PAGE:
* On G Non Hare - "(Thai Island Style) Marinated prawns wrapped with egg noodles, deep fried and topped with island sauce." Apparently this dish is known simply by its number. (58, I think.) Lorna D. swears by it and she just had to get it. It comes topped with pineapples and onions and kinda reminds me of an Americanized Chinese dish like sweet and sour pork with pineapples. The deep fried egg noodles reminded me of those Asian noodles snack packs that have tons of MSG and are totally bad for you but you get it anyway.
* Pad Ma Khour - "Thai eggplant sauteed with sweet basil and yellow bean sauce." The actual beans from the sauce add a nice flavor to the dish, so be sure to scoop up the beans if you can.
* Thai Tapioca Pudding - I can't remember a whole lot about it. There were five people sharing it!
* Deep Fried Banana with Coconut Ice Cream - Standard banana fritters. I like them and you really can't go wrong with it unless you screw up the batter somehow.
* Deep Fried Pineapple with Coconut Ice Cream - Deep fried anything tastes good. Simple as that. The ice cream has bits of coconut in it, which I thought were rice things instead. And yes, the ice cream is topped with raisins and cashews in a smiley face. (They don't say there's nuts with your ice cream when you order the dessert, but I guess with so many nut allergies around, they really should.)
Overall, service was good. It might be because our friends knew the staff. Water was refilled in the beginning without asking, but I found myself wishing for more water in the end. The food was good, not particularly fabulous though or out of this world unfortunately. I think I've had better Thai food without all the fancy stuff. (And I was concerned about my shoes!)
$100 total including tip.
Back in San Francisco and I was craving some Five Spice Chicken from PPQ on Irving. But my sister said she's found a new restaurant that not only serves up Five Spice Chicken, but garlic noodles with it! I'm sold!
Heading to Noriega Street, we walk into an almost empty restaurant on a weekday evening. Our party of four takes up a round table and we immediately can't help but notice the cold breeze coming in from above the door. We asked the waitress if she can close it and it makes a huge difference!
A quick look at the menu, and we have three orders of #59. Garlic Noodles with Five Spice Chicken ($7.75). It's a generous order and I ask for a take out box right away. There's no way I'm going to finish an order for dinner! The garlic noodles were good, but I've had better. And the five spice chicken was only average though.
We also ordered #41. Grilled Pork and Rice Plate with Imperial Rolls ($7.50). My mom thought she was ordering a pork chop, so she was surprised with the pork pieces present instead. We It came with two imperial rolls in that order. But what we all loved was the pickled cabbage that accompanied this dish. We had to ask for extra of it.
Overall, Green Bamboo was an okay experience. It didn't live up to its hype for the garlic noodles or five spice chicken. Oh well.
King of Thai is known for being fast...not this time!
Trying to grab a quick bite to eat before the Yelp Elite party at the Supperclub, Row M. and I head over to King of Thai Noodle House on O'Farrell. I haven't been to one of these in awhile, so I'm a bit apprehensive.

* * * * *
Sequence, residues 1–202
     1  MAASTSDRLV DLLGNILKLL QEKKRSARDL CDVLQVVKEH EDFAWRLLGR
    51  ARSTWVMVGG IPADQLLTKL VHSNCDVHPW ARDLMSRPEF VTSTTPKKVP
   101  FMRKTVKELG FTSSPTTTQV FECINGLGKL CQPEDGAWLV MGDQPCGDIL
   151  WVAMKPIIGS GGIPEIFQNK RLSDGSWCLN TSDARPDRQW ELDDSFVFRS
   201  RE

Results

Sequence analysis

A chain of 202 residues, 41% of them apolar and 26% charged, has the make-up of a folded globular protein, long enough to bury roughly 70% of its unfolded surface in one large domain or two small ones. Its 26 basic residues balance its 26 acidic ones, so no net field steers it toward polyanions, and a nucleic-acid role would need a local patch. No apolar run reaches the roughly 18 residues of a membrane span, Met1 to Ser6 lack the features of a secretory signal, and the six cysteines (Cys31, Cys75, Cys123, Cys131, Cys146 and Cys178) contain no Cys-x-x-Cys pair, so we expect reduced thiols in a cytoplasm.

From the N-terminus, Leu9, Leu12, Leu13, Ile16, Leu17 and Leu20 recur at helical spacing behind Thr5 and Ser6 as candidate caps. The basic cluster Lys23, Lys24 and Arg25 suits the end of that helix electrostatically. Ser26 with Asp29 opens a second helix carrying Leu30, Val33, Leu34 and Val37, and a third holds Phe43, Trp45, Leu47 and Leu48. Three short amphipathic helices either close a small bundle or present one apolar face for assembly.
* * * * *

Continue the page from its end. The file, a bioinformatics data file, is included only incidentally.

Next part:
With a party of two, we are seated at one of those tables just for two. I ordered the #17 Pad Kee Mao (Stir fried flat rice noodle and your choice of ground meat with green bean, bell pepper, Thai chili and basil) with beef at $6.75. Row M. ordered #18 Pad Thai (Stir fried small rice noodle, shrimps, dry shrimps, egg, ground peanut, tofu, raw bean sprouts with red paprika and lime juice) at $6.95. We also requested two plates to share.
As we waited for our order, I watched as our neighboring table got their order of Pad Kee Mao. (Hmmm, didn't they order after us?) And then when an order of Pad Thai was headed our way, we thought it was for sure going to us. Nope, it went next door.
Row M.: It doesn't usually take this long...
Me: I think that table got our order...
Finally, my order of Pad Kee Mao arrives. We wait for the Pad Thai...and see it coming our way...only for the waitress to stop at the next table. She proceeds to look over at the table, realizes they have their order already, and then walks over to us. She places the Pad Thai down and I have to remind her about the two plates.
Me: Yeah, they got our order.
The Pad Kee Mao was oh-so tasty. I haven't had it in awhile and it was yummy and full of flavor. I'm not big on bell peppers, but I was eating these up! The green beans could have been cooked a little longer as they were overly crunchy. I would still order this again. The Pad Thai was decent, standard Pad Thai if anything. It only came with three pieces of shrimp though.
Overall, the two orders were tasty and we had leftovers to boot! I love the ground peanuts and green chilies that are left at your table. I wish the wait staff came around to fill our water glasses though. I had to get up and help myself to the pitcher of water myself. (Wait, are we supposed to do that here?) King of Thai works when you want of taste of Thai without the tablecloth napkins and higher prices.
Side note: On their front door, they have a sign saying they'll refund your money if you are unhappy with your order. I wonder what happened for them to post this signage up. Hmmm, I wonder how many people ask for their money back.